Campaigners have called for councils across the country to be given London-style bus powers, despite new figures showing bus use in London falling twice as fast as the rest of England.
Department for Transport (DfT) quarterly statistics for local bus use and fares in Great Britain show that for the year ending in June, there were 4.51 billion local bus passenger journeys in England, a 2.7% decrease on the previous year and a slight fall in the 4.53 billion journeys in the year to March.
The fall was mainly driven by a 3.6% decline in London, with bus use in England outside London, falling by 1.8% over the same period. There are more bus journeys in London than in the rest of England.
Comparing passenger journeys for April to June 2016 to the same quarter last year, there was a 1.8% decrease in England while bus use in London decreased by 3.0%. Journeys in England outside London decreased by only 0.6%.
In the same period, bus use decreased in Scotland but increased slightly in Wales.
However, the Campaign for Better Transport (CfBT) said that in the last ten years bus journeys in England (excluding London) have declined by 96 million while journeys in London have increased by more than 75 million.
Lianna Etkind, public transport campaigner at CfBT, said: ‘These new bus statistics show the contrast between London, which has seen a steady growth in bus passenger numbers, and the rest of the country where they're largely in decline. Bus services are the threads that stitch together our communities and these statistics show in black and white that many areas are suffering cut backs.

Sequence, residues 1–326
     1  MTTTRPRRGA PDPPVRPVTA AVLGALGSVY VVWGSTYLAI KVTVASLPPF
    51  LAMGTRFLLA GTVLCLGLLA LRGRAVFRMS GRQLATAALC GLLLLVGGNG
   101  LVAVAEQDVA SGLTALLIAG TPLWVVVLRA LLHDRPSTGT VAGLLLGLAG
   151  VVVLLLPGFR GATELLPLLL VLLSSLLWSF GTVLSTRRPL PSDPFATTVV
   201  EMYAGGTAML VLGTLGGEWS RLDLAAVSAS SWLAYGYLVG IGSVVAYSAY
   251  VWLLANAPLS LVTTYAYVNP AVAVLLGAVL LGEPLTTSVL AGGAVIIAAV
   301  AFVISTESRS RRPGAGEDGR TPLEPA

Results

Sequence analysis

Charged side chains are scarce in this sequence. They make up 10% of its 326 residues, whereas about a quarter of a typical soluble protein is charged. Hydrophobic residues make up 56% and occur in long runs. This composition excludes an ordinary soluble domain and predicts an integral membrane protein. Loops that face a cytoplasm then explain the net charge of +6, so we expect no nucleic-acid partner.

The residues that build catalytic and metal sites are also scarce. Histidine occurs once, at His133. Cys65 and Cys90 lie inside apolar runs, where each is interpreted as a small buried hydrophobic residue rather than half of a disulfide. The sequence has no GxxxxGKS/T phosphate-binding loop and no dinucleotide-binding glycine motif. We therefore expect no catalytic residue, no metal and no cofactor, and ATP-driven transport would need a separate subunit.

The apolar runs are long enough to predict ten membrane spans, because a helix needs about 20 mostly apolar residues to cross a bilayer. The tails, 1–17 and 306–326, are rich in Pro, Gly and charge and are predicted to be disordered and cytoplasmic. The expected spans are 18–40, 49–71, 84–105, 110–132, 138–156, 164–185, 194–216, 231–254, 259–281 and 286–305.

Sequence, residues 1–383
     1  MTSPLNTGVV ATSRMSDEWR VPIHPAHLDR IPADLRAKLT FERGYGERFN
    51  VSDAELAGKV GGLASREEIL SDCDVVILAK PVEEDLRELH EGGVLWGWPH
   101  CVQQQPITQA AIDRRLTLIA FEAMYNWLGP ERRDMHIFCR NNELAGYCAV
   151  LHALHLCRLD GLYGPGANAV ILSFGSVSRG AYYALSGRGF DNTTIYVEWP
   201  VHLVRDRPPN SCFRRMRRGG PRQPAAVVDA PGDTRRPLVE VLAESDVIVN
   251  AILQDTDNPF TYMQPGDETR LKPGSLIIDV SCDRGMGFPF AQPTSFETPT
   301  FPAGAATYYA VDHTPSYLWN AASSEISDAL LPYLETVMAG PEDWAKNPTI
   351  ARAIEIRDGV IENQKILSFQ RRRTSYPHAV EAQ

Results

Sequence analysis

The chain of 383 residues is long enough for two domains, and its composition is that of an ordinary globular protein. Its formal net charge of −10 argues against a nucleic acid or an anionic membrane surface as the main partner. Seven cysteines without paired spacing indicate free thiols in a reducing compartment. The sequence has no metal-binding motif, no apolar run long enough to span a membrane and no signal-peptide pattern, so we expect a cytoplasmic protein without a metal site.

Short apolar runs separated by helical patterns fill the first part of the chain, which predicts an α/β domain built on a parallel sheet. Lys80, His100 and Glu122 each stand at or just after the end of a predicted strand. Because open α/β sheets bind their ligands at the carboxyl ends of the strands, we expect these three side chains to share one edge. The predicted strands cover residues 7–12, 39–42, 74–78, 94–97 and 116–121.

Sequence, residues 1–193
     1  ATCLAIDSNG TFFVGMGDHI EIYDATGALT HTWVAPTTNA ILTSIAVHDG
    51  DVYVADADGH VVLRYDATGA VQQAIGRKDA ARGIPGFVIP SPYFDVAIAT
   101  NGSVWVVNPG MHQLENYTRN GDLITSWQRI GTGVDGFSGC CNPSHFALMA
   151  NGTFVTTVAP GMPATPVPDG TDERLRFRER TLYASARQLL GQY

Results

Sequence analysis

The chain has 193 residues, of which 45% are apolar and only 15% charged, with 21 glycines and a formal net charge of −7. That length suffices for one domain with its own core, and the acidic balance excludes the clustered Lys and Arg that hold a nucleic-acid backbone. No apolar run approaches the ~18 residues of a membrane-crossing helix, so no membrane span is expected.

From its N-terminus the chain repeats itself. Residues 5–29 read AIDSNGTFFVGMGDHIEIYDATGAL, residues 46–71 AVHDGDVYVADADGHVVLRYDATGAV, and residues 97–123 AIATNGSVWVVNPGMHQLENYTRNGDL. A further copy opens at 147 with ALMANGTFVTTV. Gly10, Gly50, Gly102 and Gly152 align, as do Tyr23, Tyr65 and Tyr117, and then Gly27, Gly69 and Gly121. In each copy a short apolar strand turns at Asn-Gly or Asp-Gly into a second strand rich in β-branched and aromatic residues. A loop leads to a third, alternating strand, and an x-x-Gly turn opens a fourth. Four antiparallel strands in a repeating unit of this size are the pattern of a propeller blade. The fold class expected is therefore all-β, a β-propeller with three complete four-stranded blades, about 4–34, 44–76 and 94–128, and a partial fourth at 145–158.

‘We need the Bus Services Bill currently going through Parliament to give local authorities across the country powers like London's to improve services and grow passenger numbers. That means powers to plan services better and a national Bus and Coach Investment Strategy equivalent to the ones that road and rail have.’
The DfT’s local bus fares index for England increased by 1.6% in over the year, equivalent to the rise in the retail prices index inflation measure.
Fares rose by 1.2% in London, 1.5% in metropolitan areas, and 2.0% in non-metropolitan areas and by 3.1% in Scotland and 0.8% in Wales.
On Monday, London mayor Sadiq Khan’s new ‘Hopper’ bus and tram fare launched, allowing passengers buying a £1.50 single ticket a free second journey within one hour of the first.
Cllr Julian Bell, London Councils executive member for transport and environment, said the fare was ‘great news for Londoners and will mean 30m journeys that would otherwise have cost £1.50 will be free every year’.